It is a bit like singing, drawing, playing a musical instrument, playing basketball etc. It absolutely not like "reading" - I think everyone can learn to read well. Consequently the concept of general "computing literacy" is misguided. Not everyone can learn how to use computational tools. Many people can but those that cannot - nothing wrong with that either. There are great many jobs out there that do not need it. 

Here is a neat post that I found most illuminating, it makes the point that Modeling and not Coding is what people need to learn

http://www.chris-granger.com/2015/01/26/coding-is-not-the-new-literacy/
 

ADD REPLYlink modified 4.6 years ago • written 4.6 years ago by Istvan Albert ♦♦ 81k

This is a great point, there's a general mindset that is needed to totally excel, and everyone will have some shade of a computational mindset ranging from "none" to "genius". Just like everything else, given some desired level of skill, you have to have enough of a inherent talent and the interest.

The problem that I see is people confusing the need for a more "computational" view on things with "I have to be a programmer". I also think people don't realize that building your computational skills up to a point based on their desire/skill/circumstance is perfectly fine. You don't have to completely and totally master computer science and then master all aspects of bioinformatics.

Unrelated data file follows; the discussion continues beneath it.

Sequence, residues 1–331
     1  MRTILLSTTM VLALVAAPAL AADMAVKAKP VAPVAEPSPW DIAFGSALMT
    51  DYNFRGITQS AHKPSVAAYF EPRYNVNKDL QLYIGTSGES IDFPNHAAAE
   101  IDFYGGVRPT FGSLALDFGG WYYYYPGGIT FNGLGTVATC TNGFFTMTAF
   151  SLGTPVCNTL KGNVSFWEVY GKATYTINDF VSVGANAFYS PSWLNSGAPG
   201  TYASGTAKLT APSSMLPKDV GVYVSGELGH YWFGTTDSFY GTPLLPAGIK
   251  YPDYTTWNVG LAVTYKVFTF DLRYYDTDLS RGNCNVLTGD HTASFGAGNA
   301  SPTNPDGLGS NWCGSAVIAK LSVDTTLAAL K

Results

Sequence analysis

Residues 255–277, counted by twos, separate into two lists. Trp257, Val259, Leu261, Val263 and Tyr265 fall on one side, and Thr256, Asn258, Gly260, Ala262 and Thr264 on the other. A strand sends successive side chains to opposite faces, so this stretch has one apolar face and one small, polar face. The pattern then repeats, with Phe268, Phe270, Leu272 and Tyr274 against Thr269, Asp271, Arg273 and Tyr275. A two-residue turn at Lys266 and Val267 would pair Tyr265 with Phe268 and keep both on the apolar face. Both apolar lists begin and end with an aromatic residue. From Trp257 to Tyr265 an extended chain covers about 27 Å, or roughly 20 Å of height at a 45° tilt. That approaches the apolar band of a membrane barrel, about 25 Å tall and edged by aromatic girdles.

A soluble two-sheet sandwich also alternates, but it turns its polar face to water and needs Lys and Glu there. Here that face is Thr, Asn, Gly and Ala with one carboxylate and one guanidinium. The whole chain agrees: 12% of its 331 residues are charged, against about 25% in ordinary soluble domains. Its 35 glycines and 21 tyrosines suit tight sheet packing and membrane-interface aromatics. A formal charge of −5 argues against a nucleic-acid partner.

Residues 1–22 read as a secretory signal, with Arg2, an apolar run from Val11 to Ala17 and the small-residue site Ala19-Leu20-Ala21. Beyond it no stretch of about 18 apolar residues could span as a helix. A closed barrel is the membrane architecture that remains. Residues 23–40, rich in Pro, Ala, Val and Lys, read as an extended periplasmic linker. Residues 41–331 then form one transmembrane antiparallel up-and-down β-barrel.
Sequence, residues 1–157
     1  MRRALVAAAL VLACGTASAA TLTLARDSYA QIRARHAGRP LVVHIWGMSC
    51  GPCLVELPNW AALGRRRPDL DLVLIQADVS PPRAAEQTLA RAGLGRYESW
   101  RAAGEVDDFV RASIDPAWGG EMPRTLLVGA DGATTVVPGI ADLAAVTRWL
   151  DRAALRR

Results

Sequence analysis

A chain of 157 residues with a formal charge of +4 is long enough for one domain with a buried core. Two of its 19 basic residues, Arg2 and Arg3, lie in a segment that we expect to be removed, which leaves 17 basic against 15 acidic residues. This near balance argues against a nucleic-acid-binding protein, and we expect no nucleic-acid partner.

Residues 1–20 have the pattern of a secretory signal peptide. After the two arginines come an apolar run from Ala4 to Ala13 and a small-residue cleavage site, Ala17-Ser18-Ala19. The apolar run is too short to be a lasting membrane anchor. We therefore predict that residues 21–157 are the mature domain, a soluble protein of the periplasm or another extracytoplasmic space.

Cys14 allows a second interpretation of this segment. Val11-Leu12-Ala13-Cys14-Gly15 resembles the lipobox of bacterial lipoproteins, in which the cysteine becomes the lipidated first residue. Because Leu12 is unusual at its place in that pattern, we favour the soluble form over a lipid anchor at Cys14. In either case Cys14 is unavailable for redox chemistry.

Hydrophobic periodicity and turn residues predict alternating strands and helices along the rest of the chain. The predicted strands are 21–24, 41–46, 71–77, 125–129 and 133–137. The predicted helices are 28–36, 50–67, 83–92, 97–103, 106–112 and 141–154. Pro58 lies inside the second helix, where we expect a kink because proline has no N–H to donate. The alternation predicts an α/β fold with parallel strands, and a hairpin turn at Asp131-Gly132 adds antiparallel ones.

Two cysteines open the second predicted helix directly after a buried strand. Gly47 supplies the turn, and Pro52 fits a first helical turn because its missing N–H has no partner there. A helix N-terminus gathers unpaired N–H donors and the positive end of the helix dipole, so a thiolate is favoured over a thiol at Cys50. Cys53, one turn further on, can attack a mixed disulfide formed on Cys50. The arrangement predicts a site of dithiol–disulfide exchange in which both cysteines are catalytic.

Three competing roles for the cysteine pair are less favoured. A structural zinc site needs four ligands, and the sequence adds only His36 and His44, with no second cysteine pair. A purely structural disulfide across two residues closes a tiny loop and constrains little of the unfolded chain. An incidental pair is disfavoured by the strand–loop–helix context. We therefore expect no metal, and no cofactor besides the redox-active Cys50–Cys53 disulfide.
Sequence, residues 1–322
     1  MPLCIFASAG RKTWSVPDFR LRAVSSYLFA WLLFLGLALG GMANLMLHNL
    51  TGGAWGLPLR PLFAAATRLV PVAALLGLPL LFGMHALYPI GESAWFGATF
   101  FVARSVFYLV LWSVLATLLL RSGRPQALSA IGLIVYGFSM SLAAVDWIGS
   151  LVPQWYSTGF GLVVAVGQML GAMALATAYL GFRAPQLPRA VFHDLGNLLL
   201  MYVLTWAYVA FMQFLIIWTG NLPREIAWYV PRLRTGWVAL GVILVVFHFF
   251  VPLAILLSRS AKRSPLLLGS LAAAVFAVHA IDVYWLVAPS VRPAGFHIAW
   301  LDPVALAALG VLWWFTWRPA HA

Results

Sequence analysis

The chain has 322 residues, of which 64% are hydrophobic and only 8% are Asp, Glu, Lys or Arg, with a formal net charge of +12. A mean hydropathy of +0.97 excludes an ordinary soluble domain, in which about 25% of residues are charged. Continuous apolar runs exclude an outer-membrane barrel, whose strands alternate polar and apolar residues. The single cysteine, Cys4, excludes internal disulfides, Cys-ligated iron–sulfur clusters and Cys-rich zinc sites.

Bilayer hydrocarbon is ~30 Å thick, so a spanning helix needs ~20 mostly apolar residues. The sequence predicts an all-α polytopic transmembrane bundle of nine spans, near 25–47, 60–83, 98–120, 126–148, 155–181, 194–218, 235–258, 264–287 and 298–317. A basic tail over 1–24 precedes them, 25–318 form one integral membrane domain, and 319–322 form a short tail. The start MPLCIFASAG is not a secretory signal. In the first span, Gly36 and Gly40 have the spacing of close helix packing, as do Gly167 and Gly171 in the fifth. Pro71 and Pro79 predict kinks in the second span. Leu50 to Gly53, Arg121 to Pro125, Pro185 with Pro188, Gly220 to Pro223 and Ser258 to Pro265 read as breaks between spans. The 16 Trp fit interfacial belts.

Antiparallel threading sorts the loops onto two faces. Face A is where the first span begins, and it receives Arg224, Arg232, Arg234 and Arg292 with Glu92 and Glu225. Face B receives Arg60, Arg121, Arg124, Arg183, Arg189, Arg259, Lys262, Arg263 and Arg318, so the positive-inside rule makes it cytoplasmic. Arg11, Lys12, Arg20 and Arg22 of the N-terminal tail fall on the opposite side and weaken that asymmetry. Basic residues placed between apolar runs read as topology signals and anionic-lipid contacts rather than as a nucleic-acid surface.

Maybe you just want to be able to use a few more tools than BLAST or want to do some of the analysis of expression or SNP data. Maybe you just want to learn enough about the technologies and practices so you can find/build dry components that will best help your research. You'll never do the work yourself, but you'll know enough to steer things. Maybe you are really bored of wet work and want to change completely.

 

ADD REPLYlink written 4.6 years ago by pld4.8k
1

Thanks for the honest opinion Micheal. Just a small clarification, it seems you are answering the question "Should I change my PhD/career now", while the OP is asking "How can I make that switch after my phd". (Apart from this I agree with you).

ADD REPLYlink written 4.6 years ago by dariober10k
1

Yes, you are right, op asked about after the phd. However, it looks like that this shift in interest has had consequences already, like starting to learn programming and being confused. Maybe I was reading too much between the lines?

ADD REPLYlink written 4.6 years ago by Michael Dondrup46k
4
gravatar for Emily_Ensembl
4.6 years ago by
Emily_Ensembl19k
EMBL-EBI
Emily_Ensembl19k wrote:

Is there a question that you can ask, that is relevant to your thesis, that you could do computationally? You could add a whole chapter to your thesis without doing a single wet experiment, just slot it in while you're letting something incubate/react/run etc. That's enough to give you an idea if that's something you could enjoy, and to give you something to talk about in interviews and things.